How to Understand All of Your Data to Transform Your Business and Create Positive Change
Everybody hates filling out forms. That’s why instead you write a note. You send an email or text. You record an audio message. You create a video. You communicate in an unstructured, humanized way.
Unlike metadata in forms, which are structured, these other methods of communication are unstructured. Unstructured data lacks metadata, and semi-structured information has limited metadata. The real value of unstructured data like an email, for example, is in body of that email. You and I can often make sense of an email and other semi-structured and unstructured information. But for a company, and for search, understanding the essence of a message is not that easy.
This is problematic because when you can’t get to the essence of a message, you miss out on opportunities. You find it difficult – if not impossible – to connect the dots of your enterprise data. As a result, a wealth of knowledge that already exists in your enterprise goes to waste. That’s a lot of waste considering that unstructured data represents more than 80% of enterprise data.
With the right approach and technology, however, you can mine that gold – eliminating waste, improving experiences, and surfacing new opportunities to win and become more competitive.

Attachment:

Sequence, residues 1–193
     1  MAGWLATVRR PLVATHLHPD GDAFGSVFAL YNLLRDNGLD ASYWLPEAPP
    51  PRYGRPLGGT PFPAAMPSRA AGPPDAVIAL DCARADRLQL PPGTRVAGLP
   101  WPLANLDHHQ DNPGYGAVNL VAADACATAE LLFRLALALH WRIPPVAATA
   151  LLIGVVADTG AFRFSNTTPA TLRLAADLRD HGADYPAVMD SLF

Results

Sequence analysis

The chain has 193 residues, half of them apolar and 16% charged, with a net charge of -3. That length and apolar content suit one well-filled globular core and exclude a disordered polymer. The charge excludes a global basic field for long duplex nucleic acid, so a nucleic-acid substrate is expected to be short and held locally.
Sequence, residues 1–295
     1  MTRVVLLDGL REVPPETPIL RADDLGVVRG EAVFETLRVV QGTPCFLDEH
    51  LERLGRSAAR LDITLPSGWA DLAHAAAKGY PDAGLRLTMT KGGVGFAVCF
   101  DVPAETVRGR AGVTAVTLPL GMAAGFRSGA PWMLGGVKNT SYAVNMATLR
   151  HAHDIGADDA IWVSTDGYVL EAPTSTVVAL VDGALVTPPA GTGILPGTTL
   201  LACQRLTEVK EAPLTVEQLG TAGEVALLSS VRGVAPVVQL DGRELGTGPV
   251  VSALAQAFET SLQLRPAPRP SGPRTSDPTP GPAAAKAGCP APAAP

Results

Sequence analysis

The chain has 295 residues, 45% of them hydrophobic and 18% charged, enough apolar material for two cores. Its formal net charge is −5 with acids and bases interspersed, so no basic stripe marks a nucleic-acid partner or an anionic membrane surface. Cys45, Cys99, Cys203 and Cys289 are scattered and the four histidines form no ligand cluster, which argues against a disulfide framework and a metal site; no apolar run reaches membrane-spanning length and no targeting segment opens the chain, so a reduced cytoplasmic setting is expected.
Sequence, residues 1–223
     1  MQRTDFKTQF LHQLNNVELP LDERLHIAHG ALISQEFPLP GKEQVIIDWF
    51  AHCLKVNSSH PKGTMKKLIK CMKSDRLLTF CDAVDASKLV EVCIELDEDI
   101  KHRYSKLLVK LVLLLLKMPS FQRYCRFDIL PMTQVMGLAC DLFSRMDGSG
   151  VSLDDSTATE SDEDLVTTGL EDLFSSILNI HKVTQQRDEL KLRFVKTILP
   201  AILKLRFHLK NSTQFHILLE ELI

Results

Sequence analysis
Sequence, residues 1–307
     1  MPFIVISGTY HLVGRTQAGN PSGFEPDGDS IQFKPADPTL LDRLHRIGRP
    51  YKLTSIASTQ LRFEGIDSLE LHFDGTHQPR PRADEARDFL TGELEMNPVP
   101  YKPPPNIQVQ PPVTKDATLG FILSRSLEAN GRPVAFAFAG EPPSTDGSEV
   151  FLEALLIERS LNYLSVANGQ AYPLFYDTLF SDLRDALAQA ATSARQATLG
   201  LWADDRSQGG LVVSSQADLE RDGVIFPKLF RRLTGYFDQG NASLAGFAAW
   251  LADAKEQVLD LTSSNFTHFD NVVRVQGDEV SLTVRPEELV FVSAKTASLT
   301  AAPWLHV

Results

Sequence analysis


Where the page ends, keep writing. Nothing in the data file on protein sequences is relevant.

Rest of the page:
Leverage Existing Structure to Address Lack of Structure
You need to connect the silos in your enterprise to gain value from all your information. To get started, use the structure that already exists to extract value from the unstructured.
Here’s an example of how this can work. Your business probably has an Active Directory or any other directory service in place. When Terry logs into your enterprise, that directory knows who Terry is. The directory’s metadata also helps it understand other details about Terry, such as Terry’s department. This indexed directory doesn’t have to guess, and you don’t struggle with accuracy problems.
You can also leverage this resource and many more of that kind to understand that Terry is also mentioned in an unstructured document and that it’s the same Terry. It immediately knows with almost 100% accuracy that Terry is mentioned in this document. This works in the same way for tons of other data.
Let’s say you have a product or component list. Your company works with partners or subcontractors, and you have customer contacts. All that information is typically structured. If you employ a machine learning model, you can employ that structure to connect the dots of those customers, partners and subcontractors mentioned in other communications. That can help you gain a 360-degree view of these relationships and determine how to optimize them.
This enables you to be more intelligent as an organization. For example, you can now see that a high-value customer nearing the end of his contract has emailed you asking for help. Understanding the full scope of the situation can enable you to identify and prioritize this opportunity to connect with the customer at this pivotal time and provide expert assistance.
Use Intelligent Tools to Understand Usage and Clean Your Data